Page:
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Wednesday, December 15, 2010

Commentary: Subprime Thinking

by Calculated Risk on 12/15/2010 01:01:00 PM

When I started this blog in January 2005, one of my goals was to alert people to the housing bubble, and to discuss the possible consequences of the then approaching housing bust. Residential investment has historical been one of the best leading indicators for the economy, and I was deeply concerned a major housing bust - both in terms of activity and house prices - would take the economy into recession.

There were others sounding the alarm - Robert Shiller, Tom Lawler, Dean Baker, Doris "Tanta" Dungey, and others. There was discussion of loose lending standards (including, but not limited to subprime), lack of regulatory supervision, agency problems with the originate-to-distribute model, and more. And although we might have disagreed on the exact causes of the bubble, as far as I know none of the people who are commonly credited with identifying the bubble, and predicted the bust, blamed it primarily on Fannie and Freddie or the Community Reinvestment Act (CRA).

When the Financial Crisis Inquiry Commission was announced, I was skeptical if they'd be willing to address the willful lack of regulatory supervision, and the role of Wall Street in the crisis. This morning, Shahien Nasiripour at the HuffPo wrote: Financial Crisis Panel In Turmoil As Republicans Defect; Plan To Blame Government For Crisis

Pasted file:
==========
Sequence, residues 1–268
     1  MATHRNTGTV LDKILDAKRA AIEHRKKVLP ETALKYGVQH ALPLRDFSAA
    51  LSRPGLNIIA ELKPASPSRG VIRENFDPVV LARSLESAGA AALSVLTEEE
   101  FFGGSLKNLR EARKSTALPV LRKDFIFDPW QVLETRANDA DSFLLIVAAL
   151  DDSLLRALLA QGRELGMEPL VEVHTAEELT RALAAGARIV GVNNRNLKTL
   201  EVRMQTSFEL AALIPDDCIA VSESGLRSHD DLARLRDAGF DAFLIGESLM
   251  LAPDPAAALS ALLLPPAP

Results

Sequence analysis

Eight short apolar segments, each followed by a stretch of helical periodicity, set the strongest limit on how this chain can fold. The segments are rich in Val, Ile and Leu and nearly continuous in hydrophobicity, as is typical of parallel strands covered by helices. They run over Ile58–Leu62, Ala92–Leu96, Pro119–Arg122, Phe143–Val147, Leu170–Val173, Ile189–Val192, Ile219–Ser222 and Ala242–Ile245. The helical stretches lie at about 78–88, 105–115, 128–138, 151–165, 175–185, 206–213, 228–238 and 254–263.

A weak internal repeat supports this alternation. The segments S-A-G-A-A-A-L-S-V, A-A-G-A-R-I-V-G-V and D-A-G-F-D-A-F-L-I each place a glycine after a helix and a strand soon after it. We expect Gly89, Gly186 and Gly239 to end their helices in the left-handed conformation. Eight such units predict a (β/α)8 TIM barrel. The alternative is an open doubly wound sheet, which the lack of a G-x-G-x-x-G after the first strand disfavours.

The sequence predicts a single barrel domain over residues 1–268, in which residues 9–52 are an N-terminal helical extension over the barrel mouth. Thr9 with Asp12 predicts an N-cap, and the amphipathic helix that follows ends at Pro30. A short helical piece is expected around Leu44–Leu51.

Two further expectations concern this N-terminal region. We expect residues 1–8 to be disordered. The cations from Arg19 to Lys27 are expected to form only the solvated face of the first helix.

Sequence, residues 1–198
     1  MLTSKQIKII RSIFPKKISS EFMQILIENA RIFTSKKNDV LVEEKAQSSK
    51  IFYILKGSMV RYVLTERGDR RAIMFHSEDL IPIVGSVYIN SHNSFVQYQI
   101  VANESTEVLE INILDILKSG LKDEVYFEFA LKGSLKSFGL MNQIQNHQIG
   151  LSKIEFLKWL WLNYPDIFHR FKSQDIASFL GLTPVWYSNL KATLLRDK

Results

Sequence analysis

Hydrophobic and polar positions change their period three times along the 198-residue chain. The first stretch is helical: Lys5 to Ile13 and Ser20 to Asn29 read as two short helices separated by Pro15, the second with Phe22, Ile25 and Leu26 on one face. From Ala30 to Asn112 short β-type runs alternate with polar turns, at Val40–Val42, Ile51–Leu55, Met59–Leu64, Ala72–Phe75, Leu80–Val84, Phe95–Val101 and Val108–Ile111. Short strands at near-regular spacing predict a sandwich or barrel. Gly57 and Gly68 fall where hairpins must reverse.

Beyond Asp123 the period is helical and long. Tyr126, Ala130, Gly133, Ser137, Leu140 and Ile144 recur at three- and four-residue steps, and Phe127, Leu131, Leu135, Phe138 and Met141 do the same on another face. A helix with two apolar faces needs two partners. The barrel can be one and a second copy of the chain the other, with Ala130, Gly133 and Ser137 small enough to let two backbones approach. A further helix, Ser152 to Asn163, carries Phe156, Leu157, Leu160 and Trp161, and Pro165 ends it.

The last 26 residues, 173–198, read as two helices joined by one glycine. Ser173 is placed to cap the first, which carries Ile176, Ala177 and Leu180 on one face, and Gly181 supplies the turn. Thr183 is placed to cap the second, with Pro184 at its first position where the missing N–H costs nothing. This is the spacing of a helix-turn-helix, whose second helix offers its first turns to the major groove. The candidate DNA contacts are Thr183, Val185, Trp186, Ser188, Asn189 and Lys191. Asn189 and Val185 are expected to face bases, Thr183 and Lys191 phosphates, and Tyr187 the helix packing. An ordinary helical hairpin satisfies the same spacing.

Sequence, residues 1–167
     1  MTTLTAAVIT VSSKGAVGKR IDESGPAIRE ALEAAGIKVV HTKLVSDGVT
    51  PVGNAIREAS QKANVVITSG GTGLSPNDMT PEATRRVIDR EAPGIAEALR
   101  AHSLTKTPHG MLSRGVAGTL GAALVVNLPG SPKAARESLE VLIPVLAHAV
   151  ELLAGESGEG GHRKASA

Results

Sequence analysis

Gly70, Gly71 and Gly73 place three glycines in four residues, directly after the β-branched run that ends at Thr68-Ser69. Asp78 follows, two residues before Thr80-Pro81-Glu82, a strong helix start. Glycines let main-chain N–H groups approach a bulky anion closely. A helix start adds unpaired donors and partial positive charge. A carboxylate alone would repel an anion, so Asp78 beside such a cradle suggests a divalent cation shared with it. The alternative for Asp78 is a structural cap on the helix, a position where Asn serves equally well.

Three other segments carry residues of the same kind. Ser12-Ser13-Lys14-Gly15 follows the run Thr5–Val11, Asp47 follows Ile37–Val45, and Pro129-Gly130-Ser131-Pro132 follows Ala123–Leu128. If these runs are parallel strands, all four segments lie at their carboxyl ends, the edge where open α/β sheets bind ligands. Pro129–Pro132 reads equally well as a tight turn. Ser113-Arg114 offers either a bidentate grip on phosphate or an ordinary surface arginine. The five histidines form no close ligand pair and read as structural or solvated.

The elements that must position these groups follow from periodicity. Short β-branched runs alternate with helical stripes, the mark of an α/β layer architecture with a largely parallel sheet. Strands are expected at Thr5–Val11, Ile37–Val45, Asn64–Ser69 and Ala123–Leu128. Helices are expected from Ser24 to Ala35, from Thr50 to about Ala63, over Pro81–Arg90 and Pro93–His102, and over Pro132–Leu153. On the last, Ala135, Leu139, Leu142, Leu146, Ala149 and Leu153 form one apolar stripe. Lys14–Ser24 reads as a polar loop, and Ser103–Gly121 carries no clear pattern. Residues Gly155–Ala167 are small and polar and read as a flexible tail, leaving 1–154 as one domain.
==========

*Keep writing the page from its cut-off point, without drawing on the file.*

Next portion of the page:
The Republicans, led by the commission's vice chairman, former congressman and chair of the House Ways and Means Committee Bill Thomas, will likely focus their report on the explosive growth of subprime mortgages and the heavy role played by the federal government in pushing mortgage giants Fannie Mae and Freddie Mac to purchase and insure them. They'll also likely focus on the Community Reinvestment Act, a 1977 law that encourages banks to lend to underserved communities, these people said.
During a private commission meeting last week, all four Republicans voted in favor of banning the phrases "Wall Street" and "shadow banking" and the words "interconnection" and "deregulation" from the panel's final report, according to a person familiar with the matter and confirmed by Brooksley E. Born, one of the six commissioners who voted against the proposal.
How depressing.

If Nasiripour story is correct, the explanations offered by these four individuals are blatantly false. Lets name names: Bill Thomas, Peter Wallison, Keith Hennessey and Douglas Holtz-Eakin. These are all subprime thinkers.